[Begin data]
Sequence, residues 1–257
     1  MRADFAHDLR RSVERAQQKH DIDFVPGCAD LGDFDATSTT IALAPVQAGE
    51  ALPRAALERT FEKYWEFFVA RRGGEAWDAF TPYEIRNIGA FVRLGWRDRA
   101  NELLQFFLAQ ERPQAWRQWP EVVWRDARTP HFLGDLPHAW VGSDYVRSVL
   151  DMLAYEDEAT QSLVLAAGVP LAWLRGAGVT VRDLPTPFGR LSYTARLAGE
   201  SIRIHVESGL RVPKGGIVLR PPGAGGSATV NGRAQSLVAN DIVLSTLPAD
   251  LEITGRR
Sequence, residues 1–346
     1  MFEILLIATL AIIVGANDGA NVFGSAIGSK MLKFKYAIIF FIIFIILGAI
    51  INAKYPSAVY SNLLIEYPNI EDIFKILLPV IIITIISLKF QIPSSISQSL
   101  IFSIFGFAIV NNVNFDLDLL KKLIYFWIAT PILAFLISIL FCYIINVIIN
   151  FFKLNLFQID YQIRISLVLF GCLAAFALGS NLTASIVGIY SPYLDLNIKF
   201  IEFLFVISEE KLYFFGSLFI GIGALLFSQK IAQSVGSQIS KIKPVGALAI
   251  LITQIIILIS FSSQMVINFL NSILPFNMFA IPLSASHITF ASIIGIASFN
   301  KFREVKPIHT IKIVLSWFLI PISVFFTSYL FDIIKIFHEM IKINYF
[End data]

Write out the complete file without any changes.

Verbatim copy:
Sequence, residues 1–257
     1  MRADFAHDLR RSVERAQQKH DIDFVPGCAD LGDFDATSTT IALAPVQAGE
    51  ALPRAALERT FEKYWEFFVA RRGGEAWDAF TPYEIRNIGA FVRLGWRDRA
   101  NELLQFFLAQ ERPQAWRQWP EVVWRDARTP HFLGDLPHAW VGSDYVRSVL
   151  DMLAYEDEAT QSLVLAAGVP LAWLRGAGVT VRDLPTPFGR LSYTARLAGE
   201  SIRIHVESGL RVPKGGIVLR PPGAGGSATV NGRAQSLVAN DIVLSTLPAD
   251  LEITGRR
Sequence, residues 1–346
     1  MFEILLIATL AIIVGANDGA NVFGSAIGSK MLKFKYAIIF FIIFIILGAI
    51  INAKYPSAVY SNLLIEYPNI EDIFKILLPV IIITIISLKF QIPSSISQSL
   101  IFSIFGFAIV NNVNFDLDLL KKLIYFWIAT PILAFLISIL FCYIINVIIN
   151  FFKLNLFQID YQIRISLVLF GCLAAFALGS NLTASIVGIY SPYLDLNIKF
   201  IEFLFVISEE KLYFFGSLFI GIGALLFSQK IAQSVGSQIS KIKPVGALAI
   251  LITQIIILIS FSSQMVINFL NSILPFNMFA IPLSASHITF ASIIGIASFN
   301  KFREVKPIHT IKIVLSWFLI PISVFFTSYL FDIIKIFHEM IKINYF